Providing evidence to improve practice

Action: Plant new hedges Soil Fertility

Key messages

Five studies in Slovakia, Kenya and Thailand measured the effects of planting grass or shrub hedgerows on soil animals and soil fertility. All five found hedgerows to maintain or improve soil fertility and soil animal activity. Of these, three replicated studies found reduced soil erosion and higher soil organic matter levels. Another replicated trial found a higher diversity of soil animals near to the hedgerows. One of the replicated studies and one review found that adding woody species to the hedgerows improved many factors contributing to soil fertility.

SOIL TYPES COVERED: Alluvial, clay, sandy-loam.


Supporting evidence from individual studies


A 1997 review of case studies in sub-Saharan Africa, gathered from published literature (Kang, 1997) reported that woody species in alley cropping systems can improve nutrient recycling, reduce soil nutrient loss, encourage soil animal activity, control erosion, improve soil fertility and sustain levels of crop production. Legume species suitable for alley cropping include: gliricidia Gliricidia sepium, Leucaena Leucaena leucocephala, pigeon pea Cajanus cajan, calliandra Calliandra calothyrsus, mountain immortelle Erythrina poeppigiana, apa apa Flemingia macrophylla, and Christ thorn Dactyladenia barteri. In alley cropping multipurpose trees and shrubs and food crops are intercropped (two or more crops grown between the rows of another).




A controlled, randomized, replicated experiment in 1997-1999 on clay soil in Kenya (Anigma et al.2002) found that contour hedges conserved more soil on a 20% slope (168 Mg/ha) and 40% slope (146 Mg/ha) compared to plots with no hedges. Runoff was lower from 20% and 40% slopes (298 mm, 186 mm) compared to control plots (356 mm, 222 mm respectively). Less nitrogen and phosphorus was lost from the 20% slope than 40% slope with hedges, than without them. Calliandra Calliandra calthyrsus-Napier grass Pennisetum pupureum yield was 12 Mg/ha (20% slope) and 9 Mg/ha (40% slope), and used as animal fodder. Contour hedgerows containing calliandra and Napier grass were planted in 12 plots split between a 20% and 40% slope, and also control plots without hedges. There were three replicates. Maize Zea mays was grown on all plots. The study took soil samples from each plot and measured runoff, soil loss, nitrogen, phosphorus and yield.



A randomized, controlled, replicated experiment in 2001-2003 on clay soil in Kenya (Mutegi et al. 2008) found less soil was lost from slopes with Napier grass Pennisetum purpureum barriers (14.9 t/ha) than with combination tree/Napier hedges (calliandra 19.2 and leucaena 16.2 t/ha), tree hedges alone (calliandra 25.3, leucaena 27.8 t/ha), or control plots (61.9 t/ha). Inorganic nitrogen was higher in tree hedge plots (33.1 and 30.8 (NH4 + NO3) kg/ha) compared to Napier barrier or control plots. Tree and combination hedges had higher maize Zea mays yield (2.6-2.9 t/ha) than Napier (1.5 t/ha) and control plots (2.2 t/ha). On 33 farms, hedges/barriers of calliandra Calliandra calothyrsus (tree), leucaena Leucaene trichandra (tree) or Napier grass, and combinations of the tree species with Napier grass were established, on slopes exceeding 5%. Control plots had no hedges. Plots were 10 m long stretches of hedge. Soils were sampled 20 months into the experiment; soil fertility and loss, and maize Zea mays crop yield were measured.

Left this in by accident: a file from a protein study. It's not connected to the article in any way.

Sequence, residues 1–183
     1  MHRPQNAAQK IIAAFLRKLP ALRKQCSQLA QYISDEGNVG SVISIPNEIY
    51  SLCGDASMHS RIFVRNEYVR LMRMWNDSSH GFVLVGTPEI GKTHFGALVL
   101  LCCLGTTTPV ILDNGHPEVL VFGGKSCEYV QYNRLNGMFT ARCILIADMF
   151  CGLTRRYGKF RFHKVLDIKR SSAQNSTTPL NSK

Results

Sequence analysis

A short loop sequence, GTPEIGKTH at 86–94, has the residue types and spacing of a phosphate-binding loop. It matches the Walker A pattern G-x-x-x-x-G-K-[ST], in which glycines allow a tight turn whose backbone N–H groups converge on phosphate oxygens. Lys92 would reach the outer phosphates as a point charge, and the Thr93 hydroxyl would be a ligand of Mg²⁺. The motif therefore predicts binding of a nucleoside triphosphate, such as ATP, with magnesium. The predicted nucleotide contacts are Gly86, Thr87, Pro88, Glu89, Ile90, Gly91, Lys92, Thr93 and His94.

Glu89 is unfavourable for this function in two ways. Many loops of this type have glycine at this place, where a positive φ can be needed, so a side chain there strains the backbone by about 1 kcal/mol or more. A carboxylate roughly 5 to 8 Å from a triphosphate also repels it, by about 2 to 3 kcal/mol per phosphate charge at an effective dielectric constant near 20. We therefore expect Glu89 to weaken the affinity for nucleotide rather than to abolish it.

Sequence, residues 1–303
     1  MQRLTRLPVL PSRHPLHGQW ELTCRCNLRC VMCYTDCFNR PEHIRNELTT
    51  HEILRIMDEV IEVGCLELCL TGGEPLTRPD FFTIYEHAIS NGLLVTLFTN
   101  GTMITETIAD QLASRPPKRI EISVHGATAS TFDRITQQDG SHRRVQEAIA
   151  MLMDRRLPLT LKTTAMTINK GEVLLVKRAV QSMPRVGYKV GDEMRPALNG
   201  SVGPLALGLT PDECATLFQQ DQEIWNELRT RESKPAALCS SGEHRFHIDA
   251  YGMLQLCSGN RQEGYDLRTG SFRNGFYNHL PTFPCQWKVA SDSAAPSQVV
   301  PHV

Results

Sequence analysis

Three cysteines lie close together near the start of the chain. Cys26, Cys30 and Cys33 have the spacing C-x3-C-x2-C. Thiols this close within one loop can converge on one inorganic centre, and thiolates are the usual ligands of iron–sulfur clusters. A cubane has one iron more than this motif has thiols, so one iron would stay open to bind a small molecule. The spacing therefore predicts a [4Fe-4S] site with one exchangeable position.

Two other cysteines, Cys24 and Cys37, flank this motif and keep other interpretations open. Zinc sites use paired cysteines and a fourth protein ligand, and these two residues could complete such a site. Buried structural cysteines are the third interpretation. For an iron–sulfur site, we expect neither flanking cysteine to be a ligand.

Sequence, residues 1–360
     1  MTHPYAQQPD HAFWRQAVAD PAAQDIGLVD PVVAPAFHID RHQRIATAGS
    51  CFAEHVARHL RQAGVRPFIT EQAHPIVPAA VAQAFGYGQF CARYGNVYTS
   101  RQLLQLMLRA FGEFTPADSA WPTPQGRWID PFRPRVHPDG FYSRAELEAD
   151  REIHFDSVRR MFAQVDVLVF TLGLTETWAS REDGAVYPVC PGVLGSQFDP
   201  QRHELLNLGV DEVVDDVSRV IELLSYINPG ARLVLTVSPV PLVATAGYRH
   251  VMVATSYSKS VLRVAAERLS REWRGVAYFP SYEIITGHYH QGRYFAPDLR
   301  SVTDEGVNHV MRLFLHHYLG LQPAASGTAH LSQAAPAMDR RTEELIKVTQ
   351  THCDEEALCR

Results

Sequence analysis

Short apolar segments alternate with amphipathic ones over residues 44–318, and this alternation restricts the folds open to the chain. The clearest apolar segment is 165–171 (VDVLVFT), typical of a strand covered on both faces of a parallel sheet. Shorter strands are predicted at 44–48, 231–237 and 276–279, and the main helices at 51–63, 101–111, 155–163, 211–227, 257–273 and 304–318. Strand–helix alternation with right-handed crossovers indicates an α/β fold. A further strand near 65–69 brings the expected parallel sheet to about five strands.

A replicated study in 1996 on alluvial soils near to the Ondava River, Slovakia (Ľuptáčik et al. 2012)  showed that soil conditions close to or beneath uncultivated field margins (willow Salix alba hedgerows) can be beneficial for oribatid mite (mites which live in the topsoil) diversity. Sampling was carried out along a transect incorporating a range of habitats (see below) over 212 m, in a corn Zea mays field. The willow hedgerow was found to have greater diversity than the other four sampled transect sites. At each site, eight soil samples were collected from random locations within a 9 m2 plot, at 12 weekly intervals. The sampling sites along the transect were: willow hedgerow, corn field, depression in field, followed by two more sites located further into the corn field.



A controlled, replicated experiment in 2011 on a sandy loam in Thailand (Donjadee & Tingsanchali 2013), found that vetiver Vetiver nemoralis hedgesreduce runoff volume by 31-69% and soil loss by 62-86% compared to the control without hedges. Vetiver hedges (vetiver grass barrier planted along contours) were planted on three slope gradients (30, 40 and 50%). There were four plots on each slope, 2 x 6.71 m in size. One plot on each slope was a control without hedges. An artificial rainfall system was used to test rainfall erosion, applying rainfall intensities of: 35, 60, 85, 110, 135, and 160 mm/h. There were three replicates. Runoff and soil loss were measured.


Referenced papers

Please cite as:

Key, G., Whitfield, M., Dicks, L.V., Sutherland, W.J. & Bardgett, R.D. (2017) Enhancing Soil Fertility. Pages 383-404 in: W.J. Sutherland, L.V. Dicks, N. Ockendon & R.K. Smith (eds) What Works in Conservation 2017. Open Book Publishers, Cambridge, UK.